Communalism, Militancy and Terrorism in South Asia

M Masud Hossain Khan
M Masud Hossain Khan - Editor
46 Min Read
Terror attack on the Taj Mahal Palace hotel in Mumbai on November 26, 2008.


South Asia is home to more than one-fifth of the world’s total population. Approximately 1.7 billion people currently populate this geographical area that consists of 8 countries; India, Bangladesh, Pakistan, Sri Lanka, Afghanistan, Bhutan, Nepal and the Maldives. Although there is a great deal of social, economic and political potential for the countries of South Asia, Communalism, Militancy and Terrorism are collectively hindering the overall development and quality of life for the people of this religiously diverse, populous region. As a result, South Asian society is facing grave consequences, specifically in India, Pakistan, Bangladesh, Afghanistan and Sri Lanka. An estimated 200 million South Asians are living in slums experiencing intense poverty and severe living conditions. This area is also one of the least integrated in the world causing citizens to face extreme varieties of social exclusion and substantial infrastructure gaps along with the larger countries confronting more and more inequality. When looking into the history of South Asia, it can clearly be observed that communalist ideologies began to be more prominently adopted by various religious groups such as the Hindus, Muslims and Sikhs in the time leading up to the end of British colonial rule in the region and thereafter. As anti-secular ideologies continued to propagate amongst the different parties, toleration of diversity began to vanish causing oppression of certain ethnicities and religious minorities through the use of militancy and terrorism. To understand the causes and effects of Communalism, Militancy and Terrorism in South Asia, it is necessary to briefly analyse the ethnical and political pasts of each sub-region in the area before explaining these terms in greater detail and what they mean for the sub-Himalayan area today and in the future. Once these factors have been elaborated upon it will be feasible to discuss some of the potential possible approaches South Asian countries can utilize together to vastly dilute these ideologies and practices in order to promote and implement further regional cooperation along with improving political, economic and social development.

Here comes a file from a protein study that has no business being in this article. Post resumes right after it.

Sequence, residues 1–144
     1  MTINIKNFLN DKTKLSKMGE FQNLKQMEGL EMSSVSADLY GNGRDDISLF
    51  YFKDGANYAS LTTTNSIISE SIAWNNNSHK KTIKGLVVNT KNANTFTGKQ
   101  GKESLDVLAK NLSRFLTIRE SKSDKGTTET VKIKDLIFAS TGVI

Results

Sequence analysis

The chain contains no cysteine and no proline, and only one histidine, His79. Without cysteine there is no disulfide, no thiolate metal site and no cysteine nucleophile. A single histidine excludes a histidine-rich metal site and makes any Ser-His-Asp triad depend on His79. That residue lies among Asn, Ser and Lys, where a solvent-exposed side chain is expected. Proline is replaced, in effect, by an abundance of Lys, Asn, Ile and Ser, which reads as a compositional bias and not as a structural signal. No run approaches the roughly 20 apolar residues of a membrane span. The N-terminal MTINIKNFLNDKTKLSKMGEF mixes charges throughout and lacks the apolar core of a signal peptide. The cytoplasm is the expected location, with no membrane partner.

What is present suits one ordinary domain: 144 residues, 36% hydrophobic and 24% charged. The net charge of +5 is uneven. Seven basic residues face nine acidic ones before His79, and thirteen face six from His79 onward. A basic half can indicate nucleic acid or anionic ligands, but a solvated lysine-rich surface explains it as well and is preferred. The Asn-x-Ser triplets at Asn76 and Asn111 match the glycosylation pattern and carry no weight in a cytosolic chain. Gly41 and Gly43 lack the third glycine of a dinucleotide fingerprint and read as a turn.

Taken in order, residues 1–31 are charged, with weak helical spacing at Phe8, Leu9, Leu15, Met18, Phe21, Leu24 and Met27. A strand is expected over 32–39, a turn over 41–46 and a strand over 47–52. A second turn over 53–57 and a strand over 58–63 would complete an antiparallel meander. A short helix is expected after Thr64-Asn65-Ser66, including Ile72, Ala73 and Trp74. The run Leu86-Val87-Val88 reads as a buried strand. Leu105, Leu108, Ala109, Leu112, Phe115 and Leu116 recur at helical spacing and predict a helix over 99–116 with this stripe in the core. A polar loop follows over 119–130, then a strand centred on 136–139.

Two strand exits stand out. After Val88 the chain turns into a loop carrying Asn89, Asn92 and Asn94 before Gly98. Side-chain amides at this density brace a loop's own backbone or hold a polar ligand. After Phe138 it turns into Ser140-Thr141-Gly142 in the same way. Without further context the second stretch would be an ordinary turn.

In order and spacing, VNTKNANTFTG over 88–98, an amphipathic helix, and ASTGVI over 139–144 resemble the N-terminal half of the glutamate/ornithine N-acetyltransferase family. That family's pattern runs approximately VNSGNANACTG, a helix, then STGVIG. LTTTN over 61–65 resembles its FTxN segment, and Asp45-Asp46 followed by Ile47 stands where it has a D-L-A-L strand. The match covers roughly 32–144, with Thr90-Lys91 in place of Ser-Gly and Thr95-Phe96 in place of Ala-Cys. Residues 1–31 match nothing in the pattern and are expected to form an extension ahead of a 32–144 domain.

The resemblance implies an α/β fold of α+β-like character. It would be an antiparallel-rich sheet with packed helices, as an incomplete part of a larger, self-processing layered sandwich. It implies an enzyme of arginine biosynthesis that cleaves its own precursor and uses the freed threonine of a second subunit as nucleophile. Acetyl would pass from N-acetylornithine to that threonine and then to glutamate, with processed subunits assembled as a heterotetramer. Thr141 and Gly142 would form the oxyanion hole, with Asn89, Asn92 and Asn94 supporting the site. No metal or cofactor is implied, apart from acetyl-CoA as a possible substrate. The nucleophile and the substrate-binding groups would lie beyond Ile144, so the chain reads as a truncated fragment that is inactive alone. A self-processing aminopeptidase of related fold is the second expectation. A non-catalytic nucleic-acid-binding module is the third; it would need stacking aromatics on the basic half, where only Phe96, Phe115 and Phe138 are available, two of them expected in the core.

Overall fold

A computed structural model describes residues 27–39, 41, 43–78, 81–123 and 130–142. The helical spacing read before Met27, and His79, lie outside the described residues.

A Brief History of Politics, Ethnicity and Religion in South Asia

To have a better understanding of the causes and effects of communalism, militancy and terrorism in South Asia, a short analysis of the region’s political, ethnical and religious past is essential. In this region there are 5 major religions that the people are faithful to: Hinduism, Islam, Sikhism, Buddhism and Christianity amongst many others. In South Asia, ethnicities and cultures vary from country to country and even within each separate nation. Revisiting the history of these nations will demonstrate how the lack of toleration to diversity has affected the overall political, economic and social developments of the area.

Afghanistan and the rise of the Taliban